Operation Fortune: Ruse de guerre (2023) Review
GUY Ritchie accentuates his undying love for Jason Statham, reenlisting the English actor for the fifth time to star in his latest espionage blockbuster. Hot off the heels of 2019's The Gentlemen and 2021's Wrath of Man, Ritchie once again proves why he is one of Hollywood's most passionate and charismatic filmmakers by delivering a fetching, though ultimately flawed, popcorn movie.
As news of a world-altering doomsday weapon threatens the balance of war, special agent Orson Fortune (Jason Statham) recruits operatives Sarah Fidel (Aubrey Plaza) and JJ Davies (Bugzy Malone), as well as Hollywood megastar Danny Francesso (Josh Hartnett), in order to put a stop to the sale of the nuclear weapon which has been linked to multi-millionaire Greg Simmonds (Hugh Grant).
Simplicity is the key to success; a trait Guy Ritchie has mastered over the years by knowing what audiences expect from an espionage action movie and delivering on their perceived expectations. While many will complain about the screenplay's lack of surprises and depth, but not every story needs an unexpected twist to keep audiences on their toes, especially when the twist more often than not ends in disappointment. Operation Fortune keeps things simple, but doesn't treat its audience like children and flat out tell them what's going to happen, inserting a plethora of innuendos and hilarious quips to further progress the tale of a movie star and his espionage associates.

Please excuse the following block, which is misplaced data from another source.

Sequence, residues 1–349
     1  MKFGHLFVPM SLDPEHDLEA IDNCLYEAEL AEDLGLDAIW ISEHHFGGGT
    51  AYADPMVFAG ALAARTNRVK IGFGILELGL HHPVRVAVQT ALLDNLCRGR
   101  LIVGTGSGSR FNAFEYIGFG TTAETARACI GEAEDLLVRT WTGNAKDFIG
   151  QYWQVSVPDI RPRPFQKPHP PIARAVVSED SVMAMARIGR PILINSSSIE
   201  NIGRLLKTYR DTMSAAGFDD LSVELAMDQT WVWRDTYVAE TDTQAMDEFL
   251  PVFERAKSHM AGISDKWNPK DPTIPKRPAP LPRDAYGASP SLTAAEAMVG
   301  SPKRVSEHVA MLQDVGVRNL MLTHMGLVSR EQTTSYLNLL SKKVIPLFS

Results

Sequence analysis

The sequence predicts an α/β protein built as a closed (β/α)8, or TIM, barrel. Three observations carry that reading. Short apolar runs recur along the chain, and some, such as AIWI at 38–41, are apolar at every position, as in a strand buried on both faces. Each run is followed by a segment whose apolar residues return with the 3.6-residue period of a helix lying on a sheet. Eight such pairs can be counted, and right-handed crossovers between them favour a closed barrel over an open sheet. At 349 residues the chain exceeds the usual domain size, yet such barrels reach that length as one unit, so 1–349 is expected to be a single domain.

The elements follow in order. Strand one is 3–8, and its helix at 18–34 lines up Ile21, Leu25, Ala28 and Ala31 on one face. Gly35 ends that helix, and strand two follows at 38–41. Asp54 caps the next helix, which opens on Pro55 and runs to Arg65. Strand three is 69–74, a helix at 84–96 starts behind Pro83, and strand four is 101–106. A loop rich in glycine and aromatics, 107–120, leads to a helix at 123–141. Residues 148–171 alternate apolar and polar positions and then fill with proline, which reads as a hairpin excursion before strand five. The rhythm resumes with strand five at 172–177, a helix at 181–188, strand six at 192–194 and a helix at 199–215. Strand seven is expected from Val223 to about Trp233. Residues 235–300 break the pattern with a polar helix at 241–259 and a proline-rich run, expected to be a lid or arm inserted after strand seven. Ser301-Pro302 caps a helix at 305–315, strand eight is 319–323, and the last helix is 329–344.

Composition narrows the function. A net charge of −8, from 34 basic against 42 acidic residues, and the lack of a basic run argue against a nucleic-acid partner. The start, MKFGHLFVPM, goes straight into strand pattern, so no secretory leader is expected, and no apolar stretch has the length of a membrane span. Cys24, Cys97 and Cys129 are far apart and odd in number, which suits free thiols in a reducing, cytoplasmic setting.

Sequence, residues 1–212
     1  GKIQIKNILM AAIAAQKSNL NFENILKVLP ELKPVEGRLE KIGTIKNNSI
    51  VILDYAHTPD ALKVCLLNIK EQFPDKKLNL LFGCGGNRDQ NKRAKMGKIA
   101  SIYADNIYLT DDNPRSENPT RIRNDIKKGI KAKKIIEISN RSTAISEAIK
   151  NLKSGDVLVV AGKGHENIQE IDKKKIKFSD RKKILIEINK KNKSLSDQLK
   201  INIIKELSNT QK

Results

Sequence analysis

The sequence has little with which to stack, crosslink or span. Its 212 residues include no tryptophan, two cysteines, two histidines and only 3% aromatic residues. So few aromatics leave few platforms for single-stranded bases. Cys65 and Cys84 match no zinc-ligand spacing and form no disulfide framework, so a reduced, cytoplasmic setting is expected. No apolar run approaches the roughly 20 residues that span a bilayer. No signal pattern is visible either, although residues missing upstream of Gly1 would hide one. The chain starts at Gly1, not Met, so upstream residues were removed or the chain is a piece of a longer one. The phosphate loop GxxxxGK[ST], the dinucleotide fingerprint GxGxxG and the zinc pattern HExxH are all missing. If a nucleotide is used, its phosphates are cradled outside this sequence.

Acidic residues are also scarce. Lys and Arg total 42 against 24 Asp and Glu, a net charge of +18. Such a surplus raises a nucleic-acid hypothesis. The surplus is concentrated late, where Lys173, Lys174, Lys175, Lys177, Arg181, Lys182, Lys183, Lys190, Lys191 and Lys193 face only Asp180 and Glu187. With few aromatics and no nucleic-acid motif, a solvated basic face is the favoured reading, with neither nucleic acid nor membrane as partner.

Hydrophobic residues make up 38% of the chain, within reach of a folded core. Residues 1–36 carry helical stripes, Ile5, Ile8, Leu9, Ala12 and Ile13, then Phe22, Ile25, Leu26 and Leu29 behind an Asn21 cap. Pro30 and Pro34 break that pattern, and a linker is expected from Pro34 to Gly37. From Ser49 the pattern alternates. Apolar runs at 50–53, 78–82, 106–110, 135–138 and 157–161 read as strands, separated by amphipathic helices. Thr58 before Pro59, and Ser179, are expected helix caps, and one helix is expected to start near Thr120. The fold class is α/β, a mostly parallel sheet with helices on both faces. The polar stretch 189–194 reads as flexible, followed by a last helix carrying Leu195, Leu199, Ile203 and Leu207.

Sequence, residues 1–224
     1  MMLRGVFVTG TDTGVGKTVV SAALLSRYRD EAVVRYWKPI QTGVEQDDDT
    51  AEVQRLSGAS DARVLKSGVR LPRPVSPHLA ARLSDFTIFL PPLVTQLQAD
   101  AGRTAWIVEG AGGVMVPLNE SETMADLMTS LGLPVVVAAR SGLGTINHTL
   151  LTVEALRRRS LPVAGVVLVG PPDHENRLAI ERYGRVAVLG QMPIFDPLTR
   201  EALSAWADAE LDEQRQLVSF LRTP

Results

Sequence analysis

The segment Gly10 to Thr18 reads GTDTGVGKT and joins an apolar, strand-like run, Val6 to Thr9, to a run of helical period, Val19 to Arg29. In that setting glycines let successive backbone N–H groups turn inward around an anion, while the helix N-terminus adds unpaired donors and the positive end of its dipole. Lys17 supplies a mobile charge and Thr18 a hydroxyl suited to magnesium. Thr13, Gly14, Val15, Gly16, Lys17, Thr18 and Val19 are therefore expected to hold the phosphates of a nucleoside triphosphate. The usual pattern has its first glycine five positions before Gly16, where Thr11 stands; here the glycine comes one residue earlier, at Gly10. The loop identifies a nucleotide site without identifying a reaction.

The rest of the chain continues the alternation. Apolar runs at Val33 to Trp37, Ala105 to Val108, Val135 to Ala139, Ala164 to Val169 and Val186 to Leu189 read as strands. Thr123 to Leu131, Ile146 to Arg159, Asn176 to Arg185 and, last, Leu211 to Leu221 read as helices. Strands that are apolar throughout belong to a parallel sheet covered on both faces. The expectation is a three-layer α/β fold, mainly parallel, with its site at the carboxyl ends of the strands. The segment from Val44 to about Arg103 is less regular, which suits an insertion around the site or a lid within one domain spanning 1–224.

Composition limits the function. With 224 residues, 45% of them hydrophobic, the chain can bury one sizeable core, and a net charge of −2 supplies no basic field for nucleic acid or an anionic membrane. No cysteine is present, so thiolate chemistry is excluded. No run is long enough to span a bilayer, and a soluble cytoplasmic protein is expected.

Ritchie uses his trademark writing style to produce another group of well-written characters made all the better by the stellar cast chosen. The great thing about Guy Ritchie casts is that he chooses sure-fire talent over name recognition, and while a famous name would've unquestionably brought in more box office bucks, it could've have potentially damaged the quality of certain scenes; a consequence Ritchie looked to and succeeded in avoiding. Statham and Grant are highlights in Operation Fortune, capitalising on their history with the director to add improv dialogue to the mix which, rightfully, feels natural and off the cuff. Hartnett and Malone deliver coming-out performances, with the young actors being given time to shine and show off their eccentric and dead-pan humour respectively. But in the end, the best actor in the movie was, surprisingly, Aubrey Plaza. Despite being a fan of the comedian, I assumed her insertion into the film was to drum up ticket sales, but I can't deny the obvious: she was phenomenal. Equal parts classy and equal parts sassy, Plaza had great chemistry with nearly everybody, particularly Statham for who he played off of extremely well, never feeling like a thrown together pairing and turning seemingly stone-cold scenes into gut-bursting exchanges. A prime example of this was shown during promotional material where Statham invades a house and is caught, all the while Plaza berates him for screwing up a simple task. Such a simple concept shouldn't be as funny as it was, but Ritchie enhances the comedy with his great direction.
Ruse de guerre may translate to "Ruse of War", but Guy Ritchie isn't deceiving anyone in his most recent endeavour. If you're a fan of the director's backlog, Operation Fortune won't disappoint thanks to its cast of likeable characters, endless wisecrack, and a story that doesn't pretend to be overcomplicated. Some may disregard Ritchie's most recent due to its inability to "push the envelope", but Ruse de guerre will still keep you entertained during its most dull moments.